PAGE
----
The Obelisk Gate (The Broken Earth, #2)

Write on: Sat, 16 Jun 2018 by  in Archive Read 3741
4.5/5 stars.

The Obelisk Gate may feel like a middle book, but it is an excellent one.

Before I start, I have to say that this book's cover is my favourite of the trilogy.  I love its colours and beautiful stone design so evocative of past civilisations' architecture.

The non-linear plot of two past timelines and a present one converged towards the end of the first book, and The Obelisk Gate takes the story forward almost immediately with the second person present POV of Essun.   There are two new third-person POVs.  One is a character from the first book, Schaffa, and another which was only mentioned but not seen, Nassun.  Both of whom played a significant role in Essun's story and added new empathetic layers into the narrative.  Schaffa's perspective imparted some required insights into the Guardians, while Nassun's afforded the reader with the story of her relationship with her mother and father, and her path towards an inevitable destiny following that fateful day in Tirimo.  

There is something about the 2nd person POV in this trilogy that <i>just worked</i> for me.  It gets inside my head.  I feel as Essun does.  I see what she sees.  It is almost scarily immersive how it gets into my psyche.  Her character is insanely captivating.  She is a woman who, being an orogene, have been through and seen so many horrors that she no longer trusts the ordinary people to not bring harm to her and the ones she loves.  The prejudice levelled against the orogenes in the Stillness is simply inhuman; orogenes are treated as less than humans and must be controlled and made as tools, and even a father can kill his children who are discovered to be cursed with the power.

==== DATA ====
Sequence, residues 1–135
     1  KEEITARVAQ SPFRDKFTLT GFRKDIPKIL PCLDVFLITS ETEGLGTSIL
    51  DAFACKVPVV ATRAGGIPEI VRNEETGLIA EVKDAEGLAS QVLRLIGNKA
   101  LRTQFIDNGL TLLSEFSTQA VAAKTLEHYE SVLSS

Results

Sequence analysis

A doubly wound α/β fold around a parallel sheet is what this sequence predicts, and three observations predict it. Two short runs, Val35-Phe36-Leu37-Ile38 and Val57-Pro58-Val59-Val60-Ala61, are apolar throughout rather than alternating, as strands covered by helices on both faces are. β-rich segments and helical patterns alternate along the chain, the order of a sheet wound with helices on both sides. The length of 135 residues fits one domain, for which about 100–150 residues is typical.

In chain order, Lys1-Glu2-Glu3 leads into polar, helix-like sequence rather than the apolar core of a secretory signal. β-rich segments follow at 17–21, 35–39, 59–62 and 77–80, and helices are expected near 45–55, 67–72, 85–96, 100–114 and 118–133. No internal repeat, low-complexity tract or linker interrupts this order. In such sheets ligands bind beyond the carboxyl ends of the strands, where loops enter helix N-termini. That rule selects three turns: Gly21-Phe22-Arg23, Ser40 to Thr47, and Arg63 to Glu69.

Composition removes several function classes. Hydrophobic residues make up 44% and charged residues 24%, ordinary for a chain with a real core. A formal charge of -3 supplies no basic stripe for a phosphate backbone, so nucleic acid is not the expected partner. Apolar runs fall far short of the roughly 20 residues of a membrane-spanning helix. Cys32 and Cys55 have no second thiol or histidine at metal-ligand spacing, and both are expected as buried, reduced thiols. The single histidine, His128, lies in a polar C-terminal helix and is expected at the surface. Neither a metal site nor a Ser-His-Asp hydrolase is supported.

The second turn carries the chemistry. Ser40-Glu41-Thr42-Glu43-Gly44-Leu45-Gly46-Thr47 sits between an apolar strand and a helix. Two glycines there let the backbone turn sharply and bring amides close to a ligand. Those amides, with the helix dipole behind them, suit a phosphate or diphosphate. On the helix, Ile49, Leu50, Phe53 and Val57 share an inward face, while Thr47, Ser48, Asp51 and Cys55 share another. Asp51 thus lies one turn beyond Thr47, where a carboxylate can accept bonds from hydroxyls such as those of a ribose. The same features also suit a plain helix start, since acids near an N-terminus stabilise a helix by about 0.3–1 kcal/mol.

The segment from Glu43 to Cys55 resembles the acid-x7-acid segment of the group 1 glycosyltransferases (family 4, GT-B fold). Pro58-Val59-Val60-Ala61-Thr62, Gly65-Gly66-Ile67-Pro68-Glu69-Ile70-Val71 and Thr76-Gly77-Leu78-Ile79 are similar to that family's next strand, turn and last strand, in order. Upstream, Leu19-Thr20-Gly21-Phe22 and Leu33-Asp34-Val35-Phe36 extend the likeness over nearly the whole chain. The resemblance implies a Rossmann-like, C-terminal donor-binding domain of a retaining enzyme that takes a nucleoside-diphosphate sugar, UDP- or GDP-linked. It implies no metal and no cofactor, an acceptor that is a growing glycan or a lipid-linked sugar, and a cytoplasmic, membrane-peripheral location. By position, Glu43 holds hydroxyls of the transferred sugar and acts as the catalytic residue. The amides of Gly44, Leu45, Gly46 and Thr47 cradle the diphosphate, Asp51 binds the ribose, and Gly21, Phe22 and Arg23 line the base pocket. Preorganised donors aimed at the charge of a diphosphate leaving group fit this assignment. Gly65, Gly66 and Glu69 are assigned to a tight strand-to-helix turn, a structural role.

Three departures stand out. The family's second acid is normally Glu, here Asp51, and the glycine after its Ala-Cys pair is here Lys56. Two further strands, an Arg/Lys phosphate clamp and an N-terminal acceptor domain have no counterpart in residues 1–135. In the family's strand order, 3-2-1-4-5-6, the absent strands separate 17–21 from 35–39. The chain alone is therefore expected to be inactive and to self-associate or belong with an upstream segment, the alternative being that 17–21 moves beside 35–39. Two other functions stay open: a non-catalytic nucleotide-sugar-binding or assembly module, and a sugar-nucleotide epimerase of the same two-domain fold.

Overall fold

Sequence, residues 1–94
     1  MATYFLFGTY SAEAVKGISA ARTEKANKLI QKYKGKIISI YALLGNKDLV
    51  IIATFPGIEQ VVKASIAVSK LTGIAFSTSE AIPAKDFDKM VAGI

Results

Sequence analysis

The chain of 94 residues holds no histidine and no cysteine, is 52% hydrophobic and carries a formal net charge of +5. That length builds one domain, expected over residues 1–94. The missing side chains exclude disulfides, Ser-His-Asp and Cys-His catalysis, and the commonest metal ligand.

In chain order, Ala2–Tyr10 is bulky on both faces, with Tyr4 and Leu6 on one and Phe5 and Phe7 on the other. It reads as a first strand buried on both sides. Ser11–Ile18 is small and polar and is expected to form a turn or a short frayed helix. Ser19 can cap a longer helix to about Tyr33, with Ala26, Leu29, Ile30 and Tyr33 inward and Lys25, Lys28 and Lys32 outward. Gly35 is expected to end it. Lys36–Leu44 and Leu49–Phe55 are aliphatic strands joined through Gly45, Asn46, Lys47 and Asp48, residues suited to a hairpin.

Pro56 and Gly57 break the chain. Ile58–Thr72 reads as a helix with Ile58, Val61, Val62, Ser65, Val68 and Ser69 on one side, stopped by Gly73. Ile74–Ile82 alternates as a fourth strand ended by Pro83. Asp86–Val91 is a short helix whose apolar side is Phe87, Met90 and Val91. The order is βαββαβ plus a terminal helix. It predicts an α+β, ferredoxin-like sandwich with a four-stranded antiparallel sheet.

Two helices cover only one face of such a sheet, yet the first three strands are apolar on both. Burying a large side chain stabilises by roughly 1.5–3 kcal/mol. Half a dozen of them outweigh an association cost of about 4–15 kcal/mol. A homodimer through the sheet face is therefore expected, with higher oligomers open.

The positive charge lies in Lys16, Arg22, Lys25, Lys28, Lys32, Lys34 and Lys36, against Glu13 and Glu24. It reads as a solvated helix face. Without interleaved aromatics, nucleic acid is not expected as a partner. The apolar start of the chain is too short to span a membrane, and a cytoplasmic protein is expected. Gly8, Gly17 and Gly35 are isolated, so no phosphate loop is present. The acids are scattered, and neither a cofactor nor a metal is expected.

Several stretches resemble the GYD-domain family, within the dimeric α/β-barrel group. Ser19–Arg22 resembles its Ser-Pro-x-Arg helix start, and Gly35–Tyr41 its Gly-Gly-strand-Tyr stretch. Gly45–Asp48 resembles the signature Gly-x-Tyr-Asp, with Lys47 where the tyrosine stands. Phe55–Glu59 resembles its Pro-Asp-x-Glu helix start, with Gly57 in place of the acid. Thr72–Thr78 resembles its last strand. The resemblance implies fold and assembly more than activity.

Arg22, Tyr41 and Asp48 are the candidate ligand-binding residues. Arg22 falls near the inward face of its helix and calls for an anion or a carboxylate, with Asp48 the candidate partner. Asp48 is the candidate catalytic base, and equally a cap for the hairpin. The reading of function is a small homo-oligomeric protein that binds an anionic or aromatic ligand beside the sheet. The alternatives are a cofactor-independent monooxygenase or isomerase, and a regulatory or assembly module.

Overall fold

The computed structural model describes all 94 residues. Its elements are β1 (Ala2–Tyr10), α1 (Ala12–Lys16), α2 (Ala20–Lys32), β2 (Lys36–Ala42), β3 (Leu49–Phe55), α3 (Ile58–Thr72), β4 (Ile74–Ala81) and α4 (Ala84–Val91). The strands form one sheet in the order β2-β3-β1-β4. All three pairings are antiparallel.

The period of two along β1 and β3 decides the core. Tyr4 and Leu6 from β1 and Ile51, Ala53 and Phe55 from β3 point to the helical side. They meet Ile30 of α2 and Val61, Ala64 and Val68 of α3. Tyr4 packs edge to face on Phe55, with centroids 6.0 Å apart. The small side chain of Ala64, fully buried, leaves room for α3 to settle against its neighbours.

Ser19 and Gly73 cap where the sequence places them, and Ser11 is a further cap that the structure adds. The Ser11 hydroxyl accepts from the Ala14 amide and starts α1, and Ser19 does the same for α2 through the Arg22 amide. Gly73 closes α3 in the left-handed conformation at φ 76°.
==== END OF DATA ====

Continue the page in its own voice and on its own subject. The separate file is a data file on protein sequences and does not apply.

The narrative in The Broken Earth has been anything but ordinary, and this even extends to the unusually beautiful love story which is far from your typical romance.  Moreover, as this was told in Essun's 2nd person POV, I seemed to feel the emotions more acutely than I ever had before.  I very seldom mention love stories in my reviews, but this one was just too special to ignore.   

You've hardened so much without this.  Without him. You seem strong, healthy, but inside you feel like he looks; nothing but brittle stone and scars, prone to cracking if you bend too much.   
You try to smile, and fail. He doesn't try. You just look at each other. It's nothing and everything at once.

Oh rusts, that was so beautifully poignant that it hurts.

Two things which made this volume feel like a middle book.  Firstly, it has a lot more exposition around the obelisks, orogeny and magic, and the stone-eaters.  All which I find fascinating, and not just a wee bit mind-bending.  And then, we have the plotlines of all the POV characters which feel like an anticipatory build-up to the finale of the trilogy.  

Notwithstanding, it was a brilliantly written sequel, and I will be plunging straight into The Stone Sky for the conclusion, one which I expect to be even more emotionally powerful.

Last modified on Sunday, 17 June 2018 14:17

A self-professed geek and proud of it, I started reading at a tender age and never really stopped until work got in the way for several years.  I regained my voracious appetite for books a few years back and then started to enjoy writing down my thoughts.  I am more of an emotional/instinctual rather than a critical reader. 

Aside from reading, I enjoy outdoor sports (running, hiking, cycling, an occasional frisbee game), photography and travelling.